They are a competitive test playing nation who have produced some of the best players in the game. But who are the best South African cricketers of all time?
Who is the Best Cricketer from South Africa of All Time?
The majority opinion suggests that Jacques Kallis is the best South African cricketer of all time. He was an all rounder, but he merited a place in the team for either his batting or his bowling in isolation.
Kallis played his last international in 2014, but he still holds the records for most South African runs in test cricket and in ODIs.
Who is the Best Fast Bowler from South Africa?
Dale Steyn is widely regarded as the best fast bowler that South Africa have ever produced. He wasn’t the tallest of the quicks, but he bowled with genuine pace and a skiddy action.
At the time of writing in 2022, Steyn still holds the record for most South African test wickets with 439 victims.
Greatest South African Cricketers of All Time
We’ve seen that most observers state that Jacques Kallis is the best South African cricketer of all time. His statistics are phenomenal and they adequately back up that theory. His totals of 13,206 runs in tests and 11550 in ODIs are clear records, and nobody has come close to breaking those as yet.
It’s also worth noting that Kallis scored an incredible 45 test centuries in his 165 matches.
His bowling was exceptional too. Jacques Kallis claimed 291 wickets in test matches and a further 285 across the two limited overs formats.
Faf Du Plessis
Beyond the man at the top, this list is in no particular order. Faf Du Plessis might split opinion, but he was a defiant batsman, a safe pair of hands in the field, and he could bowl some useful spin if required.
Du Plessis also led the South African team well, at a time when the side was losing some of its top players to retirement. He finished his career with over 10,000 international runs and his ten test centuries included a highest score of 199.
AB de Villiers
The man known as Mr 360 or Superman of Cricket has some serious endorsements from independent sources. AB De Villiers was the ICC One Day International Player of the Year on three occasions and he was also named as one of Wisden’s Players of the Decade.
De Villiers got that nickname because of his ability to play shots all around the wicket. He excelled in the limited overs formats and his total of 9427 ODI runs is second only to Jacques Kallis in the country’s all time list.
AB was exceptional in any format and we can also add 8765 test runs with 22 centuries and a highest score of 278.
We now come to the first of a selection of South African players who were unable to fulfill their true potential at international level. Because of the country’s exclusion from sport from the start of the early 1970s, many promising cricketers had their test careers cut short.
Graeme Pollock was undoubtedly the best of that generation. Having made his debut in 1963, he did get to play in 23 tests, and he certainly made his mark in that time. Pollock made 2256 runs with seven centuries and a best of 274, and his average of 60.97 was second only to Don Bradman at that time.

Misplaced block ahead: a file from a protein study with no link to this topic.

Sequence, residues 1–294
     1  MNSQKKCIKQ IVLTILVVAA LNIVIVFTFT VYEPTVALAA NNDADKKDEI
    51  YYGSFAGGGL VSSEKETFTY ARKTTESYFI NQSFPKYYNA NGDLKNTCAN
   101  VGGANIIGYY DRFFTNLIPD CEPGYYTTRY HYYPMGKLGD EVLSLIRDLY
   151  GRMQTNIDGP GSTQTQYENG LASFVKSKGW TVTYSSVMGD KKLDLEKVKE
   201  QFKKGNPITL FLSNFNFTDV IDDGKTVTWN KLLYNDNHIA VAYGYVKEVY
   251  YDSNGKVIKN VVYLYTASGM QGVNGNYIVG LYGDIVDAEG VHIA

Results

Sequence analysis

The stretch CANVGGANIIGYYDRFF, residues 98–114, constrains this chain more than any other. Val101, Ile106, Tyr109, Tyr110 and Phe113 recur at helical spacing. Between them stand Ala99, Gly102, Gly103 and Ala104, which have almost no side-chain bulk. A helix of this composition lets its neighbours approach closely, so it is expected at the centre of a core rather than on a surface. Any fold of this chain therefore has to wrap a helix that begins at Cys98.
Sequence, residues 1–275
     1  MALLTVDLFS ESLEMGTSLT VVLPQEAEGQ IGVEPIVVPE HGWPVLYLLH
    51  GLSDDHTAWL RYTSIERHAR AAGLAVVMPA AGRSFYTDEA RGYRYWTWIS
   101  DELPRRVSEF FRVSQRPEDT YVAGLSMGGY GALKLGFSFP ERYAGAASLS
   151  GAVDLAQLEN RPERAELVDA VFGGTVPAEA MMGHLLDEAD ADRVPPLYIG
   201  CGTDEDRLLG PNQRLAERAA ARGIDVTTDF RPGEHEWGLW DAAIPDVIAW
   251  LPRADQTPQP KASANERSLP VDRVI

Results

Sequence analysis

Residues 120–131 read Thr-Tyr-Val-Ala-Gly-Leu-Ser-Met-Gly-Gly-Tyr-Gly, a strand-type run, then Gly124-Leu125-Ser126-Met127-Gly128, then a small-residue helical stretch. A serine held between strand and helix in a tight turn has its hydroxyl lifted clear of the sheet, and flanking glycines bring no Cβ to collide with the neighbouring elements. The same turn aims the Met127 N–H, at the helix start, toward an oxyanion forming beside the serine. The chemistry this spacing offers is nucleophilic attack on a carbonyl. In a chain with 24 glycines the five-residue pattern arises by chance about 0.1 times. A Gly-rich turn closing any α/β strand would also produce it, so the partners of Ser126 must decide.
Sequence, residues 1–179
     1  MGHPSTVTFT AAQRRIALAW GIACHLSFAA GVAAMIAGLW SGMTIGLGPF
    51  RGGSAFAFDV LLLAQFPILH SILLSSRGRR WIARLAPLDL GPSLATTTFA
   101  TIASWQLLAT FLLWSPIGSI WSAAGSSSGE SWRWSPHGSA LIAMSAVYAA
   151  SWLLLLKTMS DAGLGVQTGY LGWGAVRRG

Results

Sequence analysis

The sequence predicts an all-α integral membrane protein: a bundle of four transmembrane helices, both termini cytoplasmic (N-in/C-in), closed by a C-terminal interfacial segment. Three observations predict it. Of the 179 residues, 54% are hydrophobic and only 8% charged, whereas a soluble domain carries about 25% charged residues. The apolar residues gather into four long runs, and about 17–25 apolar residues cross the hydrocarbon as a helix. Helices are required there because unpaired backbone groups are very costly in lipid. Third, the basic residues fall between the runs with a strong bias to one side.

Had he been able to continue, we might even be talking about Graeme Pollock as South Africa’s greatest ever cricketer.
He will be remembered as a destructive limited overs player who would score quick runs at the top of the order. Herschelle Gibbs could also be effective in test cricket where he would maintain that fast tempo against the new red ball.
He was South Africa’s leading ODI run scorer for a time and he finished with 8094 runs in this format. Gibbs’ value in test cricket may be underrated, so it’s worth mentioning that he currently sits in sixth place in South Africa’s all time run scoring list with 6167 runs and 14 centuries.
Hashim Amla did feature in limited overs cricket, but his patient approach to run scoring was more suited to the red ball game. This is the format in which he excelled and he remains as the second highest test run scorer for South Africa to this day.
Amla made his debut against India in 2004 and would finish his international career 15 years later. He made 9282 runs in 124 games and his highest score of 311 not out came against England at The Oval in 2012.
Hashim Amla finished with a test average of 46.64, and there is an argument that he was South Africa’s best ever batter in the red ball format.
We’ve already seen the claim that Dale Steyn was South Africa’s greatest ever bowler and it’s a justified one. Nobody has overtaken his milestone of 439 test wickets and it doesn’t look as though any of the current crop of bowlers will reach that mark anytime soon.
Steyn had serious pace and hostility and he could use swing and seam when the conditions suited. Test cricket was his speciality, but he also claimed 196 wickets in ODIs and 64 in T20is.
If Jacques Kallis hadn’t played for South Africa, we’d be talking up Shaun Pollock as the greatest cricketer that the country had ever produced. The son of Graeme Pollock, Shaun was more effective with ball in hand, but he was a useful batter too, scoring 3781 runs with two test centuries.